[4] The Folly of Powering Replications Based on Observed Effect Size

It is common for researchers running replications to set their sample size assuming the effect size the original researchers got is correct. So if the original study found an effect-size of d=.73, the replicator assumes the true effect is d=.73, and sets sample size so as to have 90% chance, say, of getting a significant result.

This apparently sensible way to power replications is actually deeply misleading.

Why Misleading?
Because of publication bias. Given that (original) research is only publishable if it is significant, published research systematically overestimates effect size (Lane & Dunlap, 1978). For example, if sample size is n=20 per cell, and true effect size is d=.2, published studies will on average estimate the effect to be d=.78. The intuition is that overestimates are more likely to be significant than underestimates, and so more likely to be published.

If we systematically overestimate effect sizes in original work, then we systematically overestimate the power of replications that assume those effects are real.

Let’s consider some scenarios. If original research were powered to 50%, a highly optimistic benchmark (Button et al, 2013;Sedlmeier Gigerenzer, 1989), here is what it looks like:

So replications claiming 80% power actually have just 51% (Details | R code).

Ok. What if original research were powered at a more realistic level of, say, 35%:
The figures show that the extent of overclaiming depends on the power of the original study. Because nobody knows what that is, nobody knows how much power a replication claiming 80%, 90% or 95% really has.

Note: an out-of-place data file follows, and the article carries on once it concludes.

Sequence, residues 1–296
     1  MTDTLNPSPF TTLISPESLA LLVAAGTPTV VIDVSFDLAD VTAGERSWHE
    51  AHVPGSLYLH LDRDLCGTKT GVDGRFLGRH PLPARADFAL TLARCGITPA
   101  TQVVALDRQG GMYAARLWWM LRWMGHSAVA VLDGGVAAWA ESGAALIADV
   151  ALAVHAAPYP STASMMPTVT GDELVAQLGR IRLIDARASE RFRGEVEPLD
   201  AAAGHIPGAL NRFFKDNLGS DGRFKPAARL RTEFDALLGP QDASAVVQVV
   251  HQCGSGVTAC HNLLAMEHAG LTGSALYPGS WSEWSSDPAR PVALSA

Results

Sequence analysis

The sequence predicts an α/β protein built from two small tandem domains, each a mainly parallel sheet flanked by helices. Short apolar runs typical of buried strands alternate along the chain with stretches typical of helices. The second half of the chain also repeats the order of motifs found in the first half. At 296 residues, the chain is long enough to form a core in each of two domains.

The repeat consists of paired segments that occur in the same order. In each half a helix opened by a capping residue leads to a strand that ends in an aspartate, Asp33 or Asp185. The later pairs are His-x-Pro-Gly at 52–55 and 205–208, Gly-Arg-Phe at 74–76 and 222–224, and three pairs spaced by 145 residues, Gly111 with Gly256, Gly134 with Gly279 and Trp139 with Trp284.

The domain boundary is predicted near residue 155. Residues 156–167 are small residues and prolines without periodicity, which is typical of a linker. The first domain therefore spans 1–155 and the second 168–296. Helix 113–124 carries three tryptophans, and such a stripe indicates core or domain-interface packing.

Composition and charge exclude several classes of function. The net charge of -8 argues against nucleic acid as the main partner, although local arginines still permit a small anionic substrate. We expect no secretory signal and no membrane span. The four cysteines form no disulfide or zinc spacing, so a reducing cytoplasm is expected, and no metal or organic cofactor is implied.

A self-righteous counterargument
A replicator may say:

Well, if the original author underpowered her studies, then she is getting what she deserves when the replications fail; it is not my fault my replication is underpowered, it is hers. SHE SHOULD BE DOING POWER ANALYSIS!!!

Three problems.
1. Replications in particular and research in general are not about justice. We should strive to maximize learning, not schadenfreude.

2. The original researcher may have thought the effect was bigger than it is, she thought she had  80% power, but she had only 50%. It is not “fair” to “punish” her for not knowing the effect size she is studying. That’s precisely why she is studying it.

3. Even if all original studies had 80% power, most published estimates would be over-estimates, and so even if  all original studies had 80% power, most replications based on observed effects would overclaim power. For instance, one in five replications claiming 80% would actually have <50% power (R code).


What’s the alternative?
In a recent paper (“Evaluating Replication Results”) I put forward a different approach to thinking about replication results altogether. For a replication to fail it is not enough that p>.05 in it, we need to also conclude the effect is too small to have been detected in the original study (in effect, we need tight confidence intervals around 0). Underpowered replications will tend to fail to reject 0, be n.s., but will also tend to fail to reject big effects. In the new approach this result is considered as uninformative rather than as a “failure-to-replicate.” The paper also derives a simple rule for sample size to be properly powered for obtaining informative failures to replicate:  2.5 times the original sample size ensures 80% power for that test. That number is unaffected by publication bias, how original authors power their studies, and the study design (e.g., two-proportions vs. ANOVA).

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